(right): Perçoir or Drill.

Photo: Don Hitchcock 2018
Source: Original, Musée d'Archeologie Nationale et Domaine, St-Germain-en-Laye







L'abri Blanchard des Roches


Castel-Merle
L'abri Blanchard des Roches is treated in greater detail here. It is one of the rock shelters of Castel Merle with prehistoric engravings dating from the Aurignacian.





Abri Blanchard des Roches

L'abri Blanchard des Roches
Photo: Don Hitchcock 2014



Abri Blanchard Abri Blanchard Abri Blanchard
Aurignacian of l'abri Blanchard des Roches à Sergeac, Dordogne

Sculpture figurant un phallus, corne, sculpture of a phallus, horn.

Photo: Don Hitchcock 2014
Source: Original, Musée d'Archeologie Nationale et Domaine, St-Germain-en-Laye




Abri Blanchard
Aurignacian of l'abri Blanchard des Roches à Sergeac, Dordogne

29: Bâton percé, spear straightener.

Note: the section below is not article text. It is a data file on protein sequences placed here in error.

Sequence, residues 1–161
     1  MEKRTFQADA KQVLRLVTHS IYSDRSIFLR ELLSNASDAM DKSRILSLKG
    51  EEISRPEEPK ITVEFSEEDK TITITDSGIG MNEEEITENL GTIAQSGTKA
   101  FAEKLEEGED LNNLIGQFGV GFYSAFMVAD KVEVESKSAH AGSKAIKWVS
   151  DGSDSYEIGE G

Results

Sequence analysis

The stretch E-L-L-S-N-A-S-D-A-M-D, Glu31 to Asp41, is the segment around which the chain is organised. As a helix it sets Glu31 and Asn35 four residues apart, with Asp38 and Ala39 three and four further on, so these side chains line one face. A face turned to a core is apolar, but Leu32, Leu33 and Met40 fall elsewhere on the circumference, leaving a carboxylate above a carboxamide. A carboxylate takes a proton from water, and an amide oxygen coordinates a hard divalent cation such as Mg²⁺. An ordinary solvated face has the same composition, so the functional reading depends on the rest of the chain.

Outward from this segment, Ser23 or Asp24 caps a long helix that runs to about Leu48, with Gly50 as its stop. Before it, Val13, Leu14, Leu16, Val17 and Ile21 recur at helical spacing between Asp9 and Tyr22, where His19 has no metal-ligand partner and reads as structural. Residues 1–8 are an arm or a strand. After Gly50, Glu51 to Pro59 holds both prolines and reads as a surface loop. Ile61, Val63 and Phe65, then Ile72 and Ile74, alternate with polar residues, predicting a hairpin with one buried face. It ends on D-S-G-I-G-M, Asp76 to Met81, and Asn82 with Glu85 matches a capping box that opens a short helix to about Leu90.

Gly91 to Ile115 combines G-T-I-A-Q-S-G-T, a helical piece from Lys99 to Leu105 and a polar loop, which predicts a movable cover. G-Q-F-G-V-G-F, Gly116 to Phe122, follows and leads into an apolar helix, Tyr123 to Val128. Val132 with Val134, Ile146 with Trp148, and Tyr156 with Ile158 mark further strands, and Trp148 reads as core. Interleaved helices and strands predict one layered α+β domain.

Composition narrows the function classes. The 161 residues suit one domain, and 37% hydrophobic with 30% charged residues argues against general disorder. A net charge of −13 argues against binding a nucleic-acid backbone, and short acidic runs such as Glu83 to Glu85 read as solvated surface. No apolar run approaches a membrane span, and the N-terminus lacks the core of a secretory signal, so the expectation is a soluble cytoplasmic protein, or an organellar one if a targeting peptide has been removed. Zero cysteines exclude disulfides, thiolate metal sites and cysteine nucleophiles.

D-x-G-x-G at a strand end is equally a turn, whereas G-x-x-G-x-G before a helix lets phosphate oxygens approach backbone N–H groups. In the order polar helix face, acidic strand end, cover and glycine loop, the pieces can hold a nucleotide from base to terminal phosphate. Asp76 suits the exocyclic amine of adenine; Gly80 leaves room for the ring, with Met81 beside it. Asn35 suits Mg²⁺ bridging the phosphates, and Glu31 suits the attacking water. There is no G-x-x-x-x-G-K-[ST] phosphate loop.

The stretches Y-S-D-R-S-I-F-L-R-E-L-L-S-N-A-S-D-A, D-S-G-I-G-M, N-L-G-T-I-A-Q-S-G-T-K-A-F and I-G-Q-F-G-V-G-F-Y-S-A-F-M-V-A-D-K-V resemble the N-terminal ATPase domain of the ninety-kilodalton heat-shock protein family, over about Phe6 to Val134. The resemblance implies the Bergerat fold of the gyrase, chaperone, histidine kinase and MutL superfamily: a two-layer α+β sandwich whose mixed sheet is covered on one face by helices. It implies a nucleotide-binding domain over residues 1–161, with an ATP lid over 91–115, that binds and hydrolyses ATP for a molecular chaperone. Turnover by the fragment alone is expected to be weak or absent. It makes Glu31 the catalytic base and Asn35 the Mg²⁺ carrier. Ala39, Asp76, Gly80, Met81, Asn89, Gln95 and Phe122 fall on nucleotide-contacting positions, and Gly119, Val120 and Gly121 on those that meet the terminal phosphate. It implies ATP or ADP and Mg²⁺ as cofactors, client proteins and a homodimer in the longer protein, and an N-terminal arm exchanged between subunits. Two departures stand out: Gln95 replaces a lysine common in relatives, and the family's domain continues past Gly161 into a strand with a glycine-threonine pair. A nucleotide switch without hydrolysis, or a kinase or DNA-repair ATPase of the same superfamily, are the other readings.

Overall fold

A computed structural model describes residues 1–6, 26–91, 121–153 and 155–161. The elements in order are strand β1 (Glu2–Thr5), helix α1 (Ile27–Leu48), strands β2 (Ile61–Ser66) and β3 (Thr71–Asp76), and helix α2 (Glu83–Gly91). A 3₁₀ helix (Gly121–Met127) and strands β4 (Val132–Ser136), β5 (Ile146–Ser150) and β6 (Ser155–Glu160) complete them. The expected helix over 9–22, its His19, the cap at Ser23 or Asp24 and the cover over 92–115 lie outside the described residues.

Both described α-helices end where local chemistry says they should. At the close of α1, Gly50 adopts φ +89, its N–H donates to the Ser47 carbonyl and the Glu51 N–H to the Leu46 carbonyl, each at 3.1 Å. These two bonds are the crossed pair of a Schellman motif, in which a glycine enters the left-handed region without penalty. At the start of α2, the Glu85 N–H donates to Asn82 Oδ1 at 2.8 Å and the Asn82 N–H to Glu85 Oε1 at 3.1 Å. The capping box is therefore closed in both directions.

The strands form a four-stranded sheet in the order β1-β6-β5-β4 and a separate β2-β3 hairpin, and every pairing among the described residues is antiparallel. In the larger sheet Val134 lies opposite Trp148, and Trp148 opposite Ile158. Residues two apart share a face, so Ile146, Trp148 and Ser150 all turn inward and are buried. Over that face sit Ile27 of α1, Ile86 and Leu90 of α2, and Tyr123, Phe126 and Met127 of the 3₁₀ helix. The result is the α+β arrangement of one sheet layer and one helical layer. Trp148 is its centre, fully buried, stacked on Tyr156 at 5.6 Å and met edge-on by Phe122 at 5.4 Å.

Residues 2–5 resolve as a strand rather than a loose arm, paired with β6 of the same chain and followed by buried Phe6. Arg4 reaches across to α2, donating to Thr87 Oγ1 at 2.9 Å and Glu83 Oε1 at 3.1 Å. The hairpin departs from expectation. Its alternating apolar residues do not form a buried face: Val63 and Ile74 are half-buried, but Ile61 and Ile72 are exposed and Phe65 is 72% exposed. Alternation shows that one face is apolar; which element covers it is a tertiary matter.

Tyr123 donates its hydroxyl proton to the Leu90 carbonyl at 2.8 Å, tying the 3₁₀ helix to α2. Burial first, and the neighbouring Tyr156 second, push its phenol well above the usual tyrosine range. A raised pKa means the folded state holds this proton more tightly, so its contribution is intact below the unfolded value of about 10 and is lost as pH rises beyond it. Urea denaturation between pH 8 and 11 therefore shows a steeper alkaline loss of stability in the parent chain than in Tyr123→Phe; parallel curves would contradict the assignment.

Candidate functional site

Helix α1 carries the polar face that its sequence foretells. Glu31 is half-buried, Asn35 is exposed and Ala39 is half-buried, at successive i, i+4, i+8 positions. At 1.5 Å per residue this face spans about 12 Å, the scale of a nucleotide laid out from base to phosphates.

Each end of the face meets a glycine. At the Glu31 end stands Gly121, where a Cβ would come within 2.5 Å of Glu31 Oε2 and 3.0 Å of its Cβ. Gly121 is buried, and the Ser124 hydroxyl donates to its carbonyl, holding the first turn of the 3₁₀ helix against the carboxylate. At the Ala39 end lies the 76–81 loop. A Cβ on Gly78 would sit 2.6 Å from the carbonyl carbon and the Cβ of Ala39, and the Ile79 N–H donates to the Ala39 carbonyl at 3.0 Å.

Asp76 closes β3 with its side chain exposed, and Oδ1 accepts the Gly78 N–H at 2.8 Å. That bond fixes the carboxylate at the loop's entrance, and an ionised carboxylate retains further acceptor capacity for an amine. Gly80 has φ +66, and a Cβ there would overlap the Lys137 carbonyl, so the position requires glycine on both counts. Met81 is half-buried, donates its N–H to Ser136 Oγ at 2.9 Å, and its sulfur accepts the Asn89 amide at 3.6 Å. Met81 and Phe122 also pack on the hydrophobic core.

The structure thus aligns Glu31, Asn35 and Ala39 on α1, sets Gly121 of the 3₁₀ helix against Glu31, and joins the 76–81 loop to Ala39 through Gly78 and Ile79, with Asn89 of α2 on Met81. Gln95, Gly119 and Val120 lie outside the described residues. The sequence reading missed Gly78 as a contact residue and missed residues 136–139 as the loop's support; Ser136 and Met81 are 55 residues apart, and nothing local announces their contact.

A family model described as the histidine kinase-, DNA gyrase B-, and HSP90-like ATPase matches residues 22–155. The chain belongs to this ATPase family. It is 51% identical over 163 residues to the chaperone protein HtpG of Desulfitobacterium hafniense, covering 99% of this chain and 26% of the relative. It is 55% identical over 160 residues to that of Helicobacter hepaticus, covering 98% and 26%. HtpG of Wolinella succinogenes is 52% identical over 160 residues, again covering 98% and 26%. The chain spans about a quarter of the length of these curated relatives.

This object is in very good condition, and has a hole which is almost perfectly cylindrical, as though it has been drilled using a modern drill bit.

It has been distorted into an oval shape by use.

Photo: Don Hitchcock 2014
Source: Original, Musée d'Archeologie Nationale et Domaine, St-Germain-en-Laye




Abri Blanchard


Aurignacian of l'abri Blanchard des Roches à Sergeac, Dordogne

Engraved and notched bone.

This is the famous 'calendar bone'.

Photo: Don Hitchcock 2015
Source: Facsimile, Musée d'Archeologie Nationale et Domaine, St-Germain-en-Laye




Abri Blanchard
Aurignacian of l'abri Blanchard des Roches à Sergeac, Dordogne

Marshack’s schematic of the engraved marks on the Blanchard bone. Courtesy Harvard University, Peabody Museum.